This is a short photo summary of Scotch Oakburn College in Tasmania, Australia we at FNI started working on in 2004. I am so excited to see the fruits of our labors, and those of our local architectural colleagues on this project. The school is organized into learning communities of 150 students with associated space to help them define their identity as a small community within the larger school. Integrated project-based learning is a strong part of the school's philosophy to teaching and learning.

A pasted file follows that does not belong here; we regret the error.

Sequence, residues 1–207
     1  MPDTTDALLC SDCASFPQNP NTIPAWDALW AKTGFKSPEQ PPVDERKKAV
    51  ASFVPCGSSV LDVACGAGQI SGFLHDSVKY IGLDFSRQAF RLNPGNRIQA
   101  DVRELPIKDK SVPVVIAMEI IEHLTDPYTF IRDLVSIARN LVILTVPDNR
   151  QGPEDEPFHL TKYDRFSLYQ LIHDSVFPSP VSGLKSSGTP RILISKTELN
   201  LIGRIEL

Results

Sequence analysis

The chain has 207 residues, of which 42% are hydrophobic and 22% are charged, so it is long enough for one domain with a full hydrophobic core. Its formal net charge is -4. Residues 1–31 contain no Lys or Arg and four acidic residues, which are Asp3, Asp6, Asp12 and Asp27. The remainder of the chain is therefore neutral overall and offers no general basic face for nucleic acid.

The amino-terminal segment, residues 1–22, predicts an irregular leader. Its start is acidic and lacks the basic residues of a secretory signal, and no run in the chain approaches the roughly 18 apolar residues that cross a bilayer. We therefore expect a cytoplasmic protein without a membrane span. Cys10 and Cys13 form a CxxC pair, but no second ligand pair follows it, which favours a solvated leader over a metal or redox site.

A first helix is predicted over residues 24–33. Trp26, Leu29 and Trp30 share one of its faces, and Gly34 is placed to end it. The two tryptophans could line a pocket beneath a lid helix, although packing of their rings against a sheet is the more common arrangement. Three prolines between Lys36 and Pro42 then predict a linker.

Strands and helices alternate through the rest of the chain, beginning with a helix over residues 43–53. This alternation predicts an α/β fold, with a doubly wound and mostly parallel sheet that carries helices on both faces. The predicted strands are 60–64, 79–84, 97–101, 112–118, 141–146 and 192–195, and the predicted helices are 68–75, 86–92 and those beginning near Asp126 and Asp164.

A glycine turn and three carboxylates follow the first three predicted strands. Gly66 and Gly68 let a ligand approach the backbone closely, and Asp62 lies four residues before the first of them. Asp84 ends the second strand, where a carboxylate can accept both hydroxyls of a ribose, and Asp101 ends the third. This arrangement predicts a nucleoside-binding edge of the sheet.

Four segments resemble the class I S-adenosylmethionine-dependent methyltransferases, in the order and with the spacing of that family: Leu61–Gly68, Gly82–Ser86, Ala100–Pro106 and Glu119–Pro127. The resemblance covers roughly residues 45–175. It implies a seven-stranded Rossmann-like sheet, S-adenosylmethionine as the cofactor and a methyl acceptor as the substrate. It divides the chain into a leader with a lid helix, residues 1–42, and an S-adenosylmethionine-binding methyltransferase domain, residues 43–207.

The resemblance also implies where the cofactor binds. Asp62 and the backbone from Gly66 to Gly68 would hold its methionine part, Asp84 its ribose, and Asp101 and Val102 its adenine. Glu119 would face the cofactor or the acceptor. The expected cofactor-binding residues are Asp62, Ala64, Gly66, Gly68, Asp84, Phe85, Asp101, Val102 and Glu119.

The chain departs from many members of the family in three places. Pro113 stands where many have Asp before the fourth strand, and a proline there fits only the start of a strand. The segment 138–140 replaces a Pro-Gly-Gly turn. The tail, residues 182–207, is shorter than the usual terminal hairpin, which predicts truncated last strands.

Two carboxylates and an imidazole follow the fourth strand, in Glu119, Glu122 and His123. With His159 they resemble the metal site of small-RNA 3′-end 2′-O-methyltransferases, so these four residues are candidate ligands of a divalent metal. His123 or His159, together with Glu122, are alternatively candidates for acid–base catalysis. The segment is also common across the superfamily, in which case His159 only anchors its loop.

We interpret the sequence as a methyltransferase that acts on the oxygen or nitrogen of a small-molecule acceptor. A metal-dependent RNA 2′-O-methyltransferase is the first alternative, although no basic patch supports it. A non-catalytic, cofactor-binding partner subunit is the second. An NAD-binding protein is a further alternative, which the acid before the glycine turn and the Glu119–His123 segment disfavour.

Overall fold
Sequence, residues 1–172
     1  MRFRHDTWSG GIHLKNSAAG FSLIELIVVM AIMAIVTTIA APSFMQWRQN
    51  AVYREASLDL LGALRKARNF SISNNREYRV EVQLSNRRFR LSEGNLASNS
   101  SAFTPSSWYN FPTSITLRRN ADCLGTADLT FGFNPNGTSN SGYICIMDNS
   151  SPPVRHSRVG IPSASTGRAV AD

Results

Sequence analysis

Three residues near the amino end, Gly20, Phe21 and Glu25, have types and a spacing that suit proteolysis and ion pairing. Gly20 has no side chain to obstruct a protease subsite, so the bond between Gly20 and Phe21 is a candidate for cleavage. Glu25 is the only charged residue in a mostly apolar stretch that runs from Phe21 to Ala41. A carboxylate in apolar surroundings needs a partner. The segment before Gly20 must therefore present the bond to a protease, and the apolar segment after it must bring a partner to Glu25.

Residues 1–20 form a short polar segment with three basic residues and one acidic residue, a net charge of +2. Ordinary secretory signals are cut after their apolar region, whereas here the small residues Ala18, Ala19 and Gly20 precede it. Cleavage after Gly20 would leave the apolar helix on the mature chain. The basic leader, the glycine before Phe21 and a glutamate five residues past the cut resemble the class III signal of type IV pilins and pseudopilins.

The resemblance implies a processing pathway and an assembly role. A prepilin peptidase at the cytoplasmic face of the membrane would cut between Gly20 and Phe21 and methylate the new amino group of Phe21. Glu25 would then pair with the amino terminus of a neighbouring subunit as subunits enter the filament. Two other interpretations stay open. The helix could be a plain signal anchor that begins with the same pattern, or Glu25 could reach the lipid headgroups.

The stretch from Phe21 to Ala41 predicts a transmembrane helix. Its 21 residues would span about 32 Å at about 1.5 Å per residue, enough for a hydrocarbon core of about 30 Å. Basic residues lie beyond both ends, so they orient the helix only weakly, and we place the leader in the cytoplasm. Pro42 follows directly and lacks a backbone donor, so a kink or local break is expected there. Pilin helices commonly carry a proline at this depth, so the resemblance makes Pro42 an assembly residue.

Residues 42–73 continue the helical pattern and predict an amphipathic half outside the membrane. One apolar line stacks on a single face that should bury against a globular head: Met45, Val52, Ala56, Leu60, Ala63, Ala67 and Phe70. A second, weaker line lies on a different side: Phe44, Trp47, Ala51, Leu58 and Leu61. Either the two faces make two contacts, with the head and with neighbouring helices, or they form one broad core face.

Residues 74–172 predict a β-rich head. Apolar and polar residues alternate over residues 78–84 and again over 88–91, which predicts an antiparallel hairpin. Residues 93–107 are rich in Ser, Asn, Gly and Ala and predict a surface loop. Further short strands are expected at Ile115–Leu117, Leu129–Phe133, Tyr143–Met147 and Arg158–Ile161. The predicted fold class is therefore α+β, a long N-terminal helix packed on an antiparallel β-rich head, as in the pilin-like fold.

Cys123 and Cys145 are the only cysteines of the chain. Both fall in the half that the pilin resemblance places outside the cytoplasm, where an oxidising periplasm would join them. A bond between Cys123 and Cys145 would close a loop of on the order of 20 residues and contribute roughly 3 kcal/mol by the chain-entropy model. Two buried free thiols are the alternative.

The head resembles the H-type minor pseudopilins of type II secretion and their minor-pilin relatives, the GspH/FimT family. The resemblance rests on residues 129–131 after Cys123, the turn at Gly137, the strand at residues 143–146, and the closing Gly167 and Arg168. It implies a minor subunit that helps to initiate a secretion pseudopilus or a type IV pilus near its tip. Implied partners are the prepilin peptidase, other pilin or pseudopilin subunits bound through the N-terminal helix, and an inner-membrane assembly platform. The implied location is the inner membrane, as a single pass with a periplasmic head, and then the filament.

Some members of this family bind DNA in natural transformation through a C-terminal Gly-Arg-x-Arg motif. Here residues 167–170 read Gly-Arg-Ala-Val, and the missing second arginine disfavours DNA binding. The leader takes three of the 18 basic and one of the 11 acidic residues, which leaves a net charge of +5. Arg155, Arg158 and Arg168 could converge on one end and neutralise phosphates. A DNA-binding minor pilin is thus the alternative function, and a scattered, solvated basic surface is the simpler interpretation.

This first space is what we call the DaVinci Studio. DaVinci was a Renaissance Man, someone who integrated the disciplines and did not think of him self as one thing of another. In the same vein, we encourage educators to think of the Studio (fully equipped for both science and art) as a studio for integrated project-based learning. We are proponents of moving full tilt forward with wireless laptop computing across the entire campus including the outdoor spaces surrounding the building. Kids may or may not have access at home. If they do, then they take to the environment right way, if they don't, they now have access they didn't have. This allows for learning outside of the classroom and lots of communication between teacher and students outside of class time. Bean bags are a must in all classrooms and spaces in the school! They create personal space for students when they need it. Think of this happening in a US school - forget it, such stodgy administrators I want to puke! Let kids be kids once in a while. The revolution within classrooms are the Smart Boards that allow teachers and students to access the web from the classroom making every single classroom a potential distance learning lab. Using simple tools like Skype, that now eight million people are using for free when connecting computer to computer, kids can communicate with their peers in Japan, Indonesia, or even the United States (if you get the time zones to work out). Most teachers I've seen control this technology for lecturing, but that is a sad state of affairs! This tool, placed responsibly in the hands of students could unleash an amazing outpouring of exploration and self-directed learning! Outdoor space is a critical must for kids (and adults for that matter). Vitamin D from the sun, fresh air to breath, and outdoor learning opportunities make it a simple no brainer. Of all the ideas we propose, indoor-outdoor connections are one of the most favorite for teachers and students.